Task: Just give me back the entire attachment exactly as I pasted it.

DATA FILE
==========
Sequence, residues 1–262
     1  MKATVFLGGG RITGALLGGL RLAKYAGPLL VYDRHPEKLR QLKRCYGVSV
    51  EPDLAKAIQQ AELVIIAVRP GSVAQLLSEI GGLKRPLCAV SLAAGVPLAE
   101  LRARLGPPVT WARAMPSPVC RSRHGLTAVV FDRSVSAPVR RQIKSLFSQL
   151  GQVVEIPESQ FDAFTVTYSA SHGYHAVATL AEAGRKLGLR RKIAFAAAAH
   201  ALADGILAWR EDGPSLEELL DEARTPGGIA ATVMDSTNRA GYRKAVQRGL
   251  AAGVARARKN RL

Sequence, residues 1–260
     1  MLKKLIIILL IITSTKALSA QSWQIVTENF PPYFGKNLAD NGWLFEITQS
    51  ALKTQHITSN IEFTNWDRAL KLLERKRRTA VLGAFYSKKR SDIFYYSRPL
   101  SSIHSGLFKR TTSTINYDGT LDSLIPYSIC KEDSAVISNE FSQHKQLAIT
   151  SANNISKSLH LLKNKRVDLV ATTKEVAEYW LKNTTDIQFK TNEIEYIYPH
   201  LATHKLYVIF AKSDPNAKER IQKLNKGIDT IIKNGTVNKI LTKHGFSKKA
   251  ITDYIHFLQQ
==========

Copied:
Sequence, residues 1–262
     1  MKATVFLGGG RITGALLGGL RLAKYAGPLL VYDRHPEKLR QLKRCYGVSV
    51  EPDLAKAIQQ AELVIIAVRP GSVAQLLSEI GGLKRPLCAV SLAAGVPLAE
   101  LRARLGPPVT WARAMPSPVC RSRHGLTAVV FDRSVSAPVR RQIKSLFSQL
   151  GQVVEIPESQ FDAFTVTYSA SHGYHAVATL AEAGRKLGLR RKIAFAAAAH
   201  ALADGILAWR EDGPSLEELL DEARTPGGIA ATVMDSTNRA GYRKAVQRGL
   251  AAGVARARKN RL

Sequence, residues 1–260
     1  MLKKLIIILL IITSTKALSA QSWQIVTENF PPYFGKNLAD NGWLFEITQS
    51  ALKTQHITSN IEFTNWDRAL KLLERKRRTA VLGAFYSKKR SDIFYYSRPL
   101  SSIHSGLFKR TTSTINYDGT LDSLIPYSIC KEDSAVISNE FSQHKQLAIT
   151  SANNISKSLH LLKNKRVDLV ATTKEVAEYW LKNTTDIQFK TNEIEYIYPH
   201  LATHKLYVIF AKSDPNAKER IQKLNKGIDT IIKNGTVNKI LTKHGFSKKA
   251  ITDYIHFLQQ